Effects and Management of PCOD during Adolescence.

Polycystic ovarian syndrome/disorder (PCOS/PCOD) is the most common endocrine disorder in women.

However, PCOD in adults is different from that in teens. Right from diagnosing the condition until managing the same, it requires a different approach to handle adolescent PCOD.

Teenage is the initial phase of reproductive life. Having PCOD at this time requires early diagnosis and prompt treatment to resolve the issue. Identifying girls at risk for PCOS and implementing preventive strategies and therapeutic measures early, serve as an effective means of eliminating some of the long term complications associated with the syndrome.

Diagnosis of Adolescent PCOD:

Like adults, adolescent PCOD cannot be determined directly. PCOD in adolescents is calculated depending on the ovulatory mechanism and with the help of androgen hormones.

Ovulatory dysfunction can be calculated based on the specific symptoms that you may experience.

It includes:

  • Lack of periods consecutively for more than 90 days right from the first year of the menstrual cycle.
  • When your menstrual cycle is of less than 21 days or more than 45 days continuously for a period of more than two years.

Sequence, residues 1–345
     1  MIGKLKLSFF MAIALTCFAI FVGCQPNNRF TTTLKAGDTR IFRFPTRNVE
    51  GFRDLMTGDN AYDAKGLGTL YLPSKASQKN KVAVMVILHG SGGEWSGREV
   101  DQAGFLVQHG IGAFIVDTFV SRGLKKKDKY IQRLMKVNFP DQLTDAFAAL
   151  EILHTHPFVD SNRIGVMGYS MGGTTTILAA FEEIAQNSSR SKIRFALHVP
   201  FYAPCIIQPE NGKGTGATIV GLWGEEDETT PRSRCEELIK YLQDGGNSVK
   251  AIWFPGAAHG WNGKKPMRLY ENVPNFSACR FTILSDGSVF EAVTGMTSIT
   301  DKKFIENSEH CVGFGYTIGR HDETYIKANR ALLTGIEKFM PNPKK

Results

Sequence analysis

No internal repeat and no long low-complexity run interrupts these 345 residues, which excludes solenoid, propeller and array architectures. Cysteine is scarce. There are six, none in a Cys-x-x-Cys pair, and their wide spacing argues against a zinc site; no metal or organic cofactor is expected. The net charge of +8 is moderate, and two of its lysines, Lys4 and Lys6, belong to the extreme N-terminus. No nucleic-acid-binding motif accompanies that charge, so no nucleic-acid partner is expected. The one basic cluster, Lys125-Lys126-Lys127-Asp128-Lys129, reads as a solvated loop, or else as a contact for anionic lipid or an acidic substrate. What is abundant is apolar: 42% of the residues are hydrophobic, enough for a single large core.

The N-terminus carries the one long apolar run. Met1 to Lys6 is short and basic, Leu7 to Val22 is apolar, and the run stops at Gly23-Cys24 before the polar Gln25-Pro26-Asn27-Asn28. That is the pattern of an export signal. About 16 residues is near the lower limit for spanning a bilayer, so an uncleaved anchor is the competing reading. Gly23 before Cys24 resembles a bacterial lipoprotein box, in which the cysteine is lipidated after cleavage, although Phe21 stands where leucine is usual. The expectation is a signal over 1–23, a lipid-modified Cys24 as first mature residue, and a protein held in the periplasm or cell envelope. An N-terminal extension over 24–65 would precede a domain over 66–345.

• If you don’t get periods even after 15 years of age, or 2-3 years after breast budding.

Likewise, excessive androgen hormone is also determined by some of the bodily changes. It includes,

  • Acne that is unresponsive to topical therapy.
  • Moderate to excessive hirsutism.
  • Persistently high testosterone level in the blood.

In case, if you have the above signs and symptoms, it is better to consult a gynecologist and begin the treatment for PCOD, even if there is no definitive diagnosis at present.  Starting the treatment at the earliest will help avoid any major complications that may arise in the future.

Treatment for Adolescent PCOD:

  • The first and foremost way to treat PCOD is by changing your lifestyle. A sedentary lifestyle, unhealthy diet, and improper sleep will certainly cause hormonal imbalance. You need to keep a check on these if you are obese.
  • Keeping your body within BMI is very crucial to fight against PCOD. Regular physical exercise, eating natural and healthy foods, avoiding preservatives and junk products, adequate sleep is significant in balancing and regularizing hormones.
  • You may be prescribed a combination of oral contraceptives for managing menstrual irregularities and prolonged acne.
  • Your doctor may prescribe Biguanides to control your weight and to optimize your glycemic level.

PCOD is a combination of metabolic, physical, hormonal, and psychological changes that affect an individual. The symptoms of PCOS tend to overlap with regular pubertal changes. Diagnostic criteria for adolescent PCOS differ from adolescent PCOS. Lifestyle changes and weight loss alone can get hormone levels back to normal. Symptoms disappear or become less severe with exercise as it improves the body’s sensitivity to insulin. Medical therapy with pills and antiandrogens may be required in some cases: counseling and supportive therapy help in preventing depression. Early treatment ensures a healthy and better life.

Special Thanks to Dr. Pradnya Changede  [M.B.B.S, M.S. (Obstetrics And Gynecology), C.P.S, D.G.O, F.C.P.S, F.I.C.O.G, I.B.C.L.C.] for the expert advice.

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